Be #blessed with a stay at Bless Hotel Madrid, in the city’s upscale Salamanca district and along the holy Golden Mile. The grand hotel that went before it left behind an art deco exterior, wrought-iron railings and curving windows, but – hallelujah – the new kids on the bougie block have added a rooftop with cabanas and cocktails, a jet-setting Japanese restaurant and an events calendar to learn the art of letting your hair down, Spanish-style.
Double rooms from £393.39 (€439), including tax at 10 per cent.
Rates don’t usually include breakfast.
Learn all about good times in Spain with the hotel’s events calendar, which involves get-togethers for aperitivi and anecdotes, live DJ sets and a homage to the trinity of tapas, cocktails and Spanish music.
At the hotel
Free WiFi throughout. In rooms: free bottled water, Nespresso coffee machine and kettle, Bose sound system, TV and Maison Caulières bath products.
Our favourite rooms
Untamed intellects (and insomniacs) will appreciate the Bless Your Savage Mind by Hogo Suite, which has a ‘rest system’ within its king-size bed that promises to both boost your immune system and give you a good night’s sleep. Failing that, there’s a hot tub on the terrace to while away the wee hours in.
The plunge pool up on the roof is open between noon and 8pm from the middle of May until the middle of September.
The spa slows the pace of city life via a hammam, sauna, sensory showers and glow-bestowing facials using Dr Barbara Sturm products.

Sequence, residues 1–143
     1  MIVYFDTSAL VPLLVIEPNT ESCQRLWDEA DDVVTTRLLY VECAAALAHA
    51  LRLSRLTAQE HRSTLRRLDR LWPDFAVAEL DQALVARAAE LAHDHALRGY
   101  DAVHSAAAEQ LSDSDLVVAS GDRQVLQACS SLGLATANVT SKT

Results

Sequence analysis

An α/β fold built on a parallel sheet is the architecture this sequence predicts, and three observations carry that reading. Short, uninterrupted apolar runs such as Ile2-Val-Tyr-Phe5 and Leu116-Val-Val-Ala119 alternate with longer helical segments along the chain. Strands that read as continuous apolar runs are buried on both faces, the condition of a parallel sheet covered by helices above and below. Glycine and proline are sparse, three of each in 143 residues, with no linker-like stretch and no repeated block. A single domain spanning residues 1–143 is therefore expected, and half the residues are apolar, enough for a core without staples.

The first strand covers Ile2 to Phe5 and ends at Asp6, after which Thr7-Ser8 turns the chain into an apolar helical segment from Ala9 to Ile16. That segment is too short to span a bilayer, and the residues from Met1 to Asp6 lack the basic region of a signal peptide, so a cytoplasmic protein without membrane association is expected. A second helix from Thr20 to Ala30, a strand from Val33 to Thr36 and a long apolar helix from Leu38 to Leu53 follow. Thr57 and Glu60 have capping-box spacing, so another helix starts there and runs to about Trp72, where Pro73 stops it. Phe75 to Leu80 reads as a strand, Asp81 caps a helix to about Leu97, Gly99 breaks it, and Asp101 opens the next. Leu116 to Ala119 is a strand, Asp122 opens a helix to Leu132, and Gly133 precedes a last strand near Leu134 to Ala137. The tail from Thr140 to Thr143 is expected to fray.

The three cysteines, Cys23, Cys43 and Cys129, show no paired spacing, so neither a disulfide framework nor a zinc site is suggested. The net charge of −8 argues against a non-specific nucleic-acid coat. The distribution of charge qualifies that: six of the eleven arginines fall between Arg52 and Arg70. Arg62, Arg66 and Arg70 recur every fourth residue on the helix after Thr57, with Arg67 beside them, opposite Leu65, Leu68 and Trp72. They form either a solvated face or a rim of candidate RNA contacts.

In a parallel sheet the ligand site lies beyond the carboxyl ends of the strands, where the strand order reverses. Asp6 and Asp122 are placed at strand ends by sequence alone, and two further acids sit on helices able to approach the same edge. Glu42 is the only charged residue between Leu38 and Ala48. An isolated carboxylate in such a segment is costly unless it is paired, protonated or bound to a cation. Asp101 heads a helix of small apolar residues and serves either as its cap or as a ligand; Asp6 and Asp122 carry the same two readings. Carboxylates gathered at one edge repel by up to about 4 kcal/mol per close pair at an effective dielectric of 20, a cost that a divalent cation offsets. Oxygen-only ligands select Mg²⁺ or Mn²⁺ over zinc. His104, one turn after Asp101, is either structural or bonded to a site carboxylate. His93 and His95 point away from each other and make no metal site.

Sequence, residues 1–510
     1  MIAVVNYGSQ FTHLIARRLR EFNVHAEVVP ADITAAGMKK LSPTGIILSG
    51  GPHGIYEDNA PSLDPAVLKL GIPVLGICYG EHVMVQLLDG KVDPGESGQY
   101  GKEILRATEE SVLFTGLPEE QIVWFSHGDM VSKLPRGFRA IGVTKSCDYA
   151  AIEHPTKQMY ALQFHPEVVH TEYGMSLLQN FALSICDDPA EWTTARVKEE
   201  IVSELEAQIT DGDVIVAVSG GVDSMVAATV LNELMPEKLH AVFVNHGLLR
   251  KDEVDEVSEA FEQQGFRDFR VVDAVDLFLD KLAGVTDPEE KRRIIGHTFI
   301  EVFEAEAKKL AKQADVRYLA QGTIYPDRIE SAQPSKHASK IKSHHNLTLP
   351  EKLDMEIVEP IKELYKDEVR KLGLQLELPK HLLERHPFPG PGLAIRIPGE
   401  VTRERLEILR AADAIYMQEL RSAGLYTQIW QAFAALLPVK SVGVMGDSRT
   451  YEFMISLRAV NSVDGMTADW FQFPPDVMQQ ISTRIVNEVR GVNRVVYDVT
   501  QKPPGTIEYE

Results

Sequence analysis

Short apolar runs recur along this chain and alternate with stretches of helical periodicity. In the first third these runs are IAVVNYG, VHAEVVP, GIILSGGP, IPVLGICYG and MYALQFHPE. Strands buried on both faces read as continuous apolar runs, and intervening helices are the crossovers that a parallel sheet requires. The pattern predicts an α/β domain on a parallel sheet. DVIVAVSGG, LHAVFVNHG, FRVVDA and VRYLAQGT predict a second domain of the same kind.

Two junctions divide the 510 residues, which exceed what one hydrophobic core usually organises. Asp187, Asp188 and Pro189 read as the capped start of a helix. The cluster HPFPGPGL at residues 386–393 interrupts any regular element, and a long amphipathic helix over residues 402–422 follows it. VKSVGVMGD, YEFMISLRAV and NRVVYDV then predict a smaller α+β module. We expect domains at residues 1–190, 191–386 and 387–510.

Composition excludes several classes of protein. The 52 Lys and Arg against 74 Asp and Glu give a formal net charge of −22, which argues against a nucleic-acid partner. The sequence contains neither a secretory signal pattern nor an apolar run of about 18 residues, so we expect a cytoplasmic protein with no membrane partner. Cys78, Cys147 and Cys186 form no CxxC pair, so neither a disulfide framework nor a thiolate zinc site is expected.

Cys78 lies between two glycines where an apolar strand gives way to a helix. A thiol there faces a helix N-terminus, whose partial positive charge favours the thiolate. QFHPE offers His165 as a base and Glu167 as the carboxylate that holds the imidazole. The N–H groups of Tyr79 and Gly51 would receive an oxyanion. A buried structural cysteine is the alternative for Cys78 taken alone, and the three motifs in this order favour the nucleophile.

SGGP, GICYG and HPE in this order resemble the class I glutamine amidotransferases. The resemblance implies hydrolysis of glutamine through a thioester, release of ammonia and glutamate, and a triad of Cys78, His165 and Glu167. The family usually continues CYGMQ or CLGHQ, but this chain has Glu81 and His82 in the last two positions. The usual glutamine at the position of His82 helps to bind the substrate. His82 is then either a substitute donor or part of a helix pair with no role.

The hotel is on Madrid’s Golden Mile, AKA its most stylish street, so you may want to bring a spare suitcase
The hotel has rooms with adapted bathrooms and elevator access for wheelchair users.
Pets are welcome in all of the room categories and everywhere in the hotel, except (wisely) the gym and the sauna. The welcome pack includes water and a bed. See more pet-friendly hotels in Madrid.
There are rooms with sofa beds that can sleep a family of four, plus rooms that connect. Babysitting can be arranged with 12 hours’ notice.
Up on the rooftop with cocktails, croquetas and an unbeatable view of Madrid.
Vestments and Vetements.
There are three restaurants at the hotel: Bless Lively Lounge in the lobby, Picos Pardos on the rooftop and super-stylish Salvaje (often styled as SLJV, but don’t let that confuse you). At breakfast, guests can enjoy a blessed start to their day, with healthy and vegan options, as well as an extensive spread to give thanks for. Salvaje has outposts all over the world – from Barcelona to Bogotá and now Bless Hotel – for fans of Japanese food with a Mediterranean makeover.
The lobby’s Bless Lively Lounge is the main bar, but Picos Pardos is no stranger to an excellent cocktail either. The former has live music from Wednesday to Sunday.
Breakfast hours are 7.30am to 10.30am Monday to Friday, 8am to 11am at weekends. Lunch on the rooftop is from 1.30pm to 3.30pm; dinners 8pm to 11pm; and drinks . Night owls will appreciate the lounge serving dinner and drinks until 1am.
A separate menu for room service can be ordered from around the clock.
The hotel has a blessed location (sorry), on Madrid’s Golden Mile in the Salamanca neighbourhood.
Madrid Barajas Airport is less than half an hour away by car. Hotel transfers cost €120 each way.